AL: I’m an old-school kind of girl. So I grew up listening to a lot of old-school soul and R&B. Of course I absolutely love Michael Jackson, the Beatles, Phyllis Hyman, just to name a few. My all-time favorite artist, which some people wouldn’t believe, is Jason Mraz. I discovered his music around the time he first came out when I was 12 years old and I just admire his sound, his writing styles, his versatility with his vocal performance. I just really connected with him and his music.
Do you see a lack of Afro-Latino/a artist in the music industry? Do you think there is room for Afro-Latino artist to go mainstream?
AL : I do see a lack of Afro-Latino artists in the music industry, and even in the entertainment industry as a whole. And it’s not because there aren’t any talented artists out there. I think the main issue is that they are too busy only be recognized for being “black.” Which isn’t a problem, however, it is this trend of being put in this box, like because we look black, then that’s all we can be.
So, a lot of the times when these artists are being promoted, they’re not being promoted for their art and being Afro-Latino. There are many people in the entertainment industry we don’t know is Afro-Latino until they say that they are or we search their Wikipedia lol. And I believe that’s what needs to change. There needs to be more representation in the mainstream media for the Afro -Latino community. Instead of this closed minded idea that Latino people are only fair skin with straight hair.
How do you want people to view you as an artist? What is your story?
AL: No matter what I do, I always want my integrity to shine through. I want people to know and understand the hard work that I put into my music. The passion that I have for my music and for my people. And that for me it is all about the music, not the fame, not the recognition or admiration, or even the compliments. I was brought up very old fashion, so my way of thinking and carrying myself is how they would have back in the day.
I believe back in the day they believed in doing everything with the purpose. Music from 20, 30, 40+ years ago is so timeless because it was made to last and made to make a statement to touch people. My story has yet to be told because there’s so much that goes into it, but no matter what I do, just know that I try to do everything with integrity.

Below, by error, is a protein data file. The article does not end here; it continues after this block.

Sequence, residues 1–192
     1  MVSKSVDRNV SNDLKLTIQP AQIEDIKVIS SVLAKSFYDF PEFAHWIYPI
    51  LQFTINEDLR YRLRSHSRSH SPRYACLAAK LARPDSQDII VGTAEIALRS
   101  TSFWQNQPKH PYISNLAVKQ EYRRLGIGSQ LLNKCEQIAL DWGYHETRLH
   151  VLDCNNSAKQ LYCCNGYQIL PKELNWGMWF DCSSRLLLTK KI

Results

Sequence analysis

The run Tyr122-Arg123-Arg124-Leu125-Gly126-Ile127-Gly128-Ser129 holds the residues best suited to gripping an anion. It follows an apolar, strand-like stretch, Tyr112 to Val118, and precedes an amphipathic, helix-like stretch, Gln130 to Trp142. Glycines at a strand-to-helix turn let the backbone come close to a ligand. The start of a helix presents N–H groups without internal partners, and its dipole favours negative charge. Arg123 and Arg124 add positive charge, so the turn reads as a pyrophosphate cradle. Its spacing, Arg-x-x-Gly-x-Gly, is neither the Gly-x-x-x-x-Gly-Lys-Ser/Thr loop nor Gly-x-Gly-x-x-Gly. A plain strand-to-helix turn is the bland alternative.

Would you ever consider doing music that embraces your Afro-Latina roots?
AL: Of course I do! One of my goals is to finally learn Spanish, not just how to sing it but to speak it fluently. I didn’t grow up with Spanish as my first language but, I know that one day I would like to perform and write music that embraces my culture.
How can you use your platform to educate people on the Afro-Latinidad experience?
AL: I would really love to be one of those artists that really sheds light on our community. Overseas as well as here in the states. There’s so many young people that come from these backgrounds, so many young Afro- Latinos that would love a great representation of their culture. And I just want to do it justice especially for the Panamanians.
Music has a way to get people to pay attention to you and to hear what you have to say and I believe that my platform will be the perfect position to show people that I’m Afro- Latina, I’m Panamanian, I’m black, and we are all these things, and this is what we’re capable of, and this is what we contribute to the culture and the world; and to let our people know that they can too!
Whats next for ALush music?
AL: I am currently finishing up my debut EP, which is due to be released really soon. My first single off of my EP, Simple, will be released May 19. I’m really excited and it’s been a long time coming, and I just hope everyone enjoys my music and rocks with it and continues to support me in the long haul.
Check out some performances below from Alexandrea.
For more Alexandrea Lushington , Follow her on:
Personal Website :www.alexandrealushington.com
Facebook : @AlexandreaLushington
Twitter : @Alushmusic
Instagram : @Alushmusic